Strong Student, Strong Leader

Seventh and final in a series of reflections on student life at West Texas A&M University.

Over the past six weeks, we have addressed many issues regarding the University’s responsibility to engage students in leadership experiences. The value of leadership is shown by its inclusion in our Student-Centered Philosophy. The student-centered institution inspires students to develop the attitudes and skills essential to a rewarding life of learning, leadership and service.” We said, “The University experience is preparation for larger, lifelong experiences as engaged citizens.” We hold fast to this concept. We suggested, “For students to engage in a rewarding and complete campus experience, little is more important than the foundation laid in the first year.” From the earliest experiences on a university campus, students need to value their time in and out of the formal learning setting. We observed, “The first action we take at WT is honesty and transparency about the cost of study, the opportunities for employment after graduation, and the value of “connecting” on campus.” For students to be successful as leaders, they need to persevere in completing their studies. The concept of engagement is critical to students learning leadership skills, and it is the shared responsibility of the University to provide engagement activities. Our shared wisdom is this: “Engagement is not just a college success strategy but a life skill.” We pointed out diverse capabilities that leaders showed, paramount among them, “An attribute of leadership is adaptability to change.And lastly, we recognized the importance of home ecology in producing leaders, “Children learned first to follow then grow as leaders when they left home, self-perpetuating the cycle of growing leaders and strong families.”

Providing these opportunities is the University’s job. But the student also has a job. It is abundantly clear that the best students often make strong leaders. For West Texas A&M University to be effective in helping students develop as leaders, our expectations of students and their roles need to be transparent.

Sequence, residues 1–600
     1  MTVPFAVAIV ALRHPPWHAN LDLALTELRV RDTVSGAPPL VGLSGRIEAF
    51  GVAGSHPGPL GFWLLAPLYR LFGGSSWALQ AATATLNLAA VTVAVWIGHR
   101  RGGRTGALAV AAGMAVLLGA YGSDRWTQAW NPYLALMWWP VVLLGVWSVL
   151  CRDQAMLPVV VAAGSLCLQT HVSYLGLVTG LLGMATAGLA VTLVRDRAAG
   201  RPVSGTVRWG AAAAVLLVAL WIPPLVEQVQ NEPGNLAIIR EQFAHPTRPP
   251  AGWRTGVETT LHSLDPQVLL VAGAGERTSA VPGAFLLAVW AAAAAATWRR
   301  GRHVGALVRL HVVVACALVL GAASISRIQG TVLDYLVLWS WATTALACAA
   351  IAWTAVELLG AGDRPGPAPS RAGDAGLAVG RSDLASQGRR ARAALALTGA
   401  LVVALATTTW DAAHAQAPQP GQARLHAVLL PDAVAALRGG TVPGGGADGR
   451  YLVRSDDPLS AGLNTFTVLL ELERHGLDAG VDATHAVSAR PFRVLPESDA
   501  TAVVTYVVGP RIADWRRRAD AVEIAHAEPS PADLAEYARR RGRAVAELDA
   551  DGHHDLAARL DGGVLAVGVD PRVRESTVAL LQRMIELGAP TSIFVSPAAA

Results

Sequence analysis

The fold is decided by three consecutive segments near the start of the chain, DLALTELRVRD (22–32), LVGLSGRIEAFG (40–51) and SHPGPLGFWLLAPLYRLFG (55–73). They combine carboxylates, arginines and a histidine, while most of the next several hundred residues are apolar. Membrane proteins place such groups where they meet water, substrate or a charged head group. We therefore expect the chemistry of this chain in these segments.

Our expectations?

First, we expect students to be hard-working. The University experience at any worthwhile institution is not a cakewalk. Students typically spend between 15 and 17 hours a week outside of class studying. It is not enough. Two hours out of class for every hour in class is a better guidepost. For 15 credits, a student would need to spend between 30 and 45 hours a week getting ready, reviewing and absorbing, like a full-time job. That sounds like a lot. It is. Leaders work hard. Pity the student who does not have to work hard. “The soul of the sluggard craves and gets nothing, while the soul of the diligent is richly supplied.” Proverbs 13:4, ESV

Second, responsibility in learning belongs to students. Teachers, the best of whom are mentors and guides for students, cannot accept responsibility for student learning. Success comes from earned and executed duty. Too much time playing the blame game rather than developing strength “…the final forming of a person’s character lies in their own hands.” Anne Frank

Third, students set goals. Not just about what happens next Friday night, but plans for what happens after 20 years of vocational investment. Students that surround themselves with other students who share aspirations, commitments, ideals and ideas will be more successful as students and in the workplace. Long-term goals are critical. Occupying time confounded by only amusements and social calendars is of little utility for students and leaders alike. “It is not enough to take steps which may someday lead to a goal; each step must be itself a goal and a step likewise.” Johann Wolfgang Von Goethe

Fourth, students must be able to communicate beyond 140-character snippets. Thinking and writing in sentences, and paragraphs, constructing theses long and short, is a skill for effective communication. Good students communicate with their peers, faculty and co-workers. Write regularly, and look for opportunities to speak to others in small and large groups. “Communication is the sister of leadership.” John Adair

Fifth, successful students and leaders must be able to manage their time, energies and appetites. Advice abounds about the importance of time management. Likewise, managing energy and appetites is essential. When a group heads out for a party on Friday night, a committed student might have to choose to study instead of joining peers. Discipline separates the exceptional or standout from the merely marginal or mediocre. That is leadership. “I cannot trust a man to control others who cannot control himself.” Robert E. Lee

Sixth, hope for a positive future is the exercise of free will and the ultimate responsibility of every individual student and leader in a free society. Looking forward confidently will help create a frame of mind leading to accomplishment. “A leader is a dealer in hope.” Napoleon

We value student leadership. We hope our students will become strong leaders through their experience at the University. But, no matter the strength of our effort or the depth of programs provided, the student’s success in attaining their degree and becoming informed leaders lies in their hands.

Walter V. Wendler is President of West Texas A&M University. His weekly columns are available at

Mike Knox is the Vice President for Student Enrollment Engagement and Success at West Texas A&M University.

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